The First Time I read The Dead Zone by Stephen King, I was just a kid. I didn’t like it. But I was coming to it on the heels of the novels “It,” The Tommyknockers, and Misery, all by the same author. Those were books that scared me to death, and at that point I expected every single book by Mr. King to be a non-stop scarefest. Zone is more of a thriller. But I read it again a couple of years ago and loved it.
Summary of The Dead Zone
Johnny Smith–how’s that for a generic name?–has a pretty good life. But then he gets into an accident and a five-year coma sucks the fun out of things. Five years later things have moved on. His town. His comely lady-friend. And so on.
But Johnny has also awakened with an unwelcome visitor: he is now a psychic. He can see things that he shouldn’t be able to see. As with most books about people with preternatural abilities, it is both a blessing and a curse. He is able to help local law enforcement catch a killer, he is able to provide comfort to several people with unanswered questions in their lives, and is generally able to be a helpful chap.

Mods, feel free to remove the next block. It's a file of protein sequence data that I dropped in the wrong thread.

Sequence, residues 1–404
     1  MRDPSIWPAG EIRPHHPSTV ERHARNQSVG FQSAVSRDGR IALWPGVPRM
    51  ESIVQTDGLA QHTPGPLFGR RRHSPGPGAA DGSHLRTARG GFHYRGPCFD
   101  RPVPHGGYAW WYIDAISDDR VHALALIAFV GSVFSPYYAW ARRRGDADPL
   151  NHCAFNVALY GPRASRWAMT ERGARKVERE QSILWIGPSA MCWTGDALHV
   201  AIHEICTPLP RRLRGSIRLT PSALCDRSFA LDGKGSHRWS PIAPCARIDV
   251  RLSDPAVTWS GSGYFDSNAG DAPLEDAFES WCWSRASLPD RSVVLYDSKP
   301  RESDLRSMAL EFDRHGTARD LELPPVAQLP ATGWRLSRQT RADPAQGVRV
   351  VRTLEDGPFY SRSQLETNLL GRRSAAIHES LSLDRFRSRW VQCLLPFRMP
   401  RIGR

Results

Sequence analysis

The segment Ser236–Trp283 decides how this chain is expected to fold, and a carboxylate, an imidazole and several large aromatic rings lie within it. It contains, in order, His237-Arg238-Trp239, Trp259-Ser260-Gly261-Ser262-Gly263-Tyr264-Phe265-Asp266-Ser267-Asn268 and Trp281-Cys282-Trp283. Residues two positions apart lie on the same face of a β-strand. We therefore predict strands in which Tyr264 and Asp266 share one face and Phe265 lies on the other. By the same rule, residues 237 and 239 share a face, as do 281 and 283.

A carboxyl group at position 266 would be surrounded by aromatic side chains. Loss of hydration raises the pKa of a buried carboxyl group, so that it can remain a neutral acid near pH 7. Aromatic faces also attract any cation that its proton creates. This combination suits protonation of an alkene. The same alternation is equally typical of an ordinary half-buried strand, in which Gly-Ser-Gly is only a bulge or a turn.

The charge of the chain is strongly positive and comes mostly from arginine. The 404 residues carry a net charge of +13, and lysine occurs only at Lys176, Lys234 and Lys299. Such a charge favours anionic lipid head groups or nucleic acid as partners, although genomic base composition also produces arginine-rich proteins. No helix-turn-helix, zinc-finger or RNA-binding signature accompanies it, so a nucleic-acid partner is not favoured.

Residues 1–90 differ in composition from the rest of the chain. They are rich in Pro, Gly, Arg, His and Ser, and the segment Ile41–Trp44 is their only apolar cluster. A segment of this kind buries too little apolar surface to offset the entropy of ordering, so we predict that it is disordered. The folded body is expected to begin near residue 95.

But he’s not very happy. Any reluctant hero needs a purpose, and Johnny finds his when he meets a maniacal politician and has an unsettling vision of the man, and the world’s future. If you’ve read any dystopian books like Swan Song by Robert McCammon, you’ve seen what happens when the wrong person gets their finger on the button.
Smith’s vision in this case isn’t quite that bad, but it’s bad enough that he decides to put a stop to the man’s candidacy.
As an adult looking for more than scares, I enjoyed The Dead Zone on a lot of different levels. It’s a great story, a great mystery, and it didn’t hurt that Christopher Walken played Johnny in the movie. Recommended for fans of Stephen King, stories about seers, or police procedurals.